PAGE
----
Like a meticulously choreographed, rigorously rehearsed dance, the IPL imbroglio is finally heading towards a pre-scripted, dramatic finale.
It started out with the board wanting to use the excuse of governmental investigations into the IPL’s functioning to trim Modi to size, clip his wings a little, put a layer of oversight [that is to say, a governing council in something more than name, one that functions not merely as a rubber stamp] on the functioning of the commissioner (suspended), and get back to business as usual.
Modi’s combative responses to the series of show cause notices [one, and two] and, more crucially, his determined effort to fling mud helter skelter [his claim that Manohar and Srinivasan were dirty and hence could not sit in judgment over him] changed the choreography of the dance: the BCCI at that point figured that he was more trouble than he was worth, and that it could not work with him even in a curtailed role.
At that point, the Board put into motion a series of moves aimed at a predestined conclusion. Step one was the BCCI laundromat kicking into life, with Manohar giving a clean chit to Amin — very necessary, as Amin had been designated as the next head of the IPL with Bharat Patel as his ‘advisor’. Having exercised his authority, Manohar then grandly recused himself from the disciplinary committee that will hear Modi’s case — in one shot, fulfilling half of Modi’s demand while prima facie injecting an appearance of impartiality into the further proceedings.
Srinivasan, who was named with Manohar as an interested party and hence in no position to sit in judgment on Modi, had earlier covered his particular base by saying he had taken then BCCI president Sharad Pawar’s permission to be part of an IPL bid: in other words, the BCCI secretary had sought, from his immediate superior who was himself heavily conflicted, permission to be similarly conflicted — a proceeding possible only in the looking glass world of the BCCI. Besides, he is in any case not a member of the disciplinary committee, so Modi’s strictures against him sitting in judgment are meaningless.
All of that was part of the set up — the BCCI then got into the climactic part of its performance today, with Srinivasan’s ‘rejection’ of Modi’s responses. I so totally love this bit, don’t you?:
“Since Mr Lalit Modi has accused me of being biased against him, after a thorough and careful reading of his explanation against the charges, I have passed an order that it was not acceptable.”
Laugh-out-loud funny, that bit: the first part of the sentence, regarding the accusation of bias, has no bearing on the second half of the sentence, which is Srinivasan’s determination. In other words: Modi says I am biased; let me, in totally unbiased fashion, say he is full of bull. Right.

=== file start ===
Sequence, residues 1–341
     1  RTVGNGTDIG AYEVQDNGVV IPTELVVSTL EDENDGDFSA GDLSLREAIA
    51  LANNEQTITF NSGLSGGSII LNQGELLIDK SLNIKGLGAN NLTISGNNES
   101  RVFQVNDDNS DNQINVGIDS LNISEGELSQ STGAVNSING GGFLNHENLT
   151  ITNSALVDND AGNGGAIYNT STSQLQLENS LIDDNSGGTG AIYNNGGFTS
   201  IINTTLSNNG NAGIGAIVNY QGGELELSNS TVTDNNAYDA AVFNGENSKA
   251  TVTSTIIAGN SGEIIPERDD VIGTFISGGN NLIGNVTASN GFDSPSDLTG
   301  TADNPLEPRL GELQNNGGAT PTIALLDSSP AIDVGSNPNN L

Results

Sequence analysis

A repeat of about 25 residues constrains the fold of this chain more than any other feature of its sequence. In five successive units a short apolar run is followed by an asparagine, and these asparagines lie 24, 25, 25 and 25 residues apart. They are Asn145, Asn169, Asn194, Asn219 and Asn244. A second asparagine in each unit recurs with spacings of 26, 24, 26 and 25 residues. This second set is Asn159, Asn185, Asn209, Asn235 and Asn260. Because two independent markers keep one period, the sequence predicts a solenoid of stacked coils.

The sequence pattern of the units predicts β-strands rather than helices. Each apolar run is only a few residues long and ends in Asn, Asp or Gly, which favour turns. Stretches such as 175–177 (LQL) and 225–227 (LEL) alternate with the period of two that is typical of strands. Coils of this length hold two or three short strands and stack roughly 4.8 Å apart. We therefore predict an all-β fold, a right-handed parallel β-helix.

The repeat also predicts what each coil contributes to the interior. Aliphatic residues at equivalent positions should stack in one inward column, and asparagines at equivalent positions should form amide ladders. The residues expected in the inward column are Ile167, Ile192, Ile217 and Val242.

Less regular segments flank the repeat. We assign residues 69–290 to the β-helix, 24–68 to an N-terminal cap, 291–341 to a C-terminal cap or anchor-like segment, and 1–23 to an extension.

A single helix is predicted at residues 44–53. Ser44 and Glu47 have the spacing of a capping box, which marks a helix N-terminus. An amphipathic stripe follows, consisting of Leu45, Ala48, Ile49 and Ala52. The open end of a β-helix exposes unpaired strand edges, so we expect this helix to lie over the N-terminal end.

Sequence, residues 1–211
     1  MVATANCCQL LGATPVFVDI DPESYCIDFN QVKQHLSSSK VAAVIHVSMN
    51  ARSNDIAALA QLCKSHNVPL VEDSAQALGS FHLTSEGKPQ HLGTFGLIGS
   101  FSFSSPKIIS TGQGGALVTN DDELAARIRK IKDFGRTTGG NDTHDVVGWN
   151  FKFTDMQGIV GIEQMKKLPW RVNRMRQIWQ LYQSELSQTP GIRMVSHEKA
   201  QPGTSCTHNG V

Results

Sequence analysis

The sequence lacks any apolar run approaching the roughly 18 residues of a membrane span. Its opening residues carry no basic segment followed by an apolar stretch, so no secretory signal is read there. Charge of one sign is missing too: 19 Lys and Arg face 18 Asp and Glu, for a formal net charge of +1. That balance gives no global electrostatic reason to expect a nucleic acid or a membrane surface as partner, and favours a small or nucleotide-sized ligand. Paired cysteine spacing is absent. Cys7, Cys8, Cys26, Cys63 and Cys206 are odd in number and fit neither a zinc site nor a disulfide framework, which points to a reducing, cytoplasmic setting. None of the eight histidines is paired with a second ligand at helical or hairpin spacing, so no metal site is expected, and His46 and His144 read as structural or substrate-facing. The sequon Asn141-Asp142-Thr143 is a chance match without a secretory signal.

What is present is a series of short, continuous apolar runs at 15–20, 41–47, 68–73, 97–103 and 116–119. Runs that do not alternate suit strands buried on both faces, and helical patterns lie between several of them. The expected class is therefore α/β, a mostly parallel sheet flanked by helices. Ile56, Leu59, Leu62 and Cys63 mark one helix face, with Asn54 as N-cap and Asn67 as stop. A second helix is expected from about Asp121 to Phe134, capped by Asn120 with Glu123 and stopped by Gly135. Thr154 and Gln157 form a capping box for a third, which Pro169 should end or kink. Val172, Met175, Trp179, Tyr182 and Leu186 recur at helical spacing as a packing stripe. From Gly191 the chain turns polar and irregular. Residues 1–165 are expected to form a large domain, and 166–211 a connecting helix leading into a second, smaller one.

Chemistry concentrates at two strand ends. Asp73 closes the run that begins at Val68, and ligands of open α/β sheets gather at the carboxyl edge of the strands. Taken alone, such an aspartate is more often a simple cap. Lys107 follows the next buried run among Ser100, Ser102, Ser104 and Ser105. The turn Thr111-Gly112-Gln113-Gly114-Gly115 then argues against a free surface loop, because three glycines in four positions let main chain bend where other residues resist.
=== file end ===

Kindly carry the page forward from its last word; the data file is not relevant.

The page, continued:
The final steps of this dance have already been choreographed. Tomorrow, Amin will meet with the franchise holders and, irrespective of an agenda that includes, among other things, rationalizing the norms on player retention, discussing the revised schedule for IPL4 when two new teams enter the mix, and similar issues, the unstated agenda is to clearly signal the changing of the guard, to finally acquaint the franchises with the fact that the Modi era is over, and that they now have a new dispensation to deal with.
Fast forward to July 3. At the Special General Body Meeting, Srinivasan’s ‘rejection’ of the charges against Modi will be taken up. The SGM will ‘determine’ that there is prima facie cause to refer the issue to the disciplinary committee. The SGM will also nominate someone to take Manohar’s place in that committee, and to join Chirayu Amin [see why Manohar had to clear Amin’s name? Else, the same objection Modi raised against Manohar, of bias, would apply] and Arun Jaitley in determining the nature of action.
Irrespective of who the third wheel is, that committee will determine that Modi is in gross violation of BCCI guidelines, that a pattern of irresponsible behavior exists, and that therefore he should be stripped of all powers and either retained in the Board as an ordinary member, or expelled altogether — that final determination depending on how Modi acts from here on. Fling more mud, and it is finito; pull in your horns and lie low, and we’ll leave you with some sort of role within the board.
What I don’t understand is this: why stagger this drama out? All the decisions have already been taken. [If Modi’s position as IPL commissioner were still in doubt, Amin — who is one of the troika who will render judgment — wouldn’t be actively stepping into the IPL boss’s role with his meeting tomorrow, would he? There is nothing so pressing that it couldn’t wait till after the June 3 meeting, and a final determination of Modi’s fate].
So why this drawn out charade? For whose benefit is this drama being played out?
PS: Noticed some folks asking about posts relating to the whatever-cup played out in Sri Lanka, where yesterday they played the final before the final. Sorry, folks — haven’t been watching. Largely because I am swamped with some stuff I need to finish before the half yearly deadline, and partly because I found the whole thing immensely boring, and largely pointless. I’ll pass; am off to Chennai on some urgent personal work tomorrow, and will be back at work, and on blog, Monday. Be well, meantimes…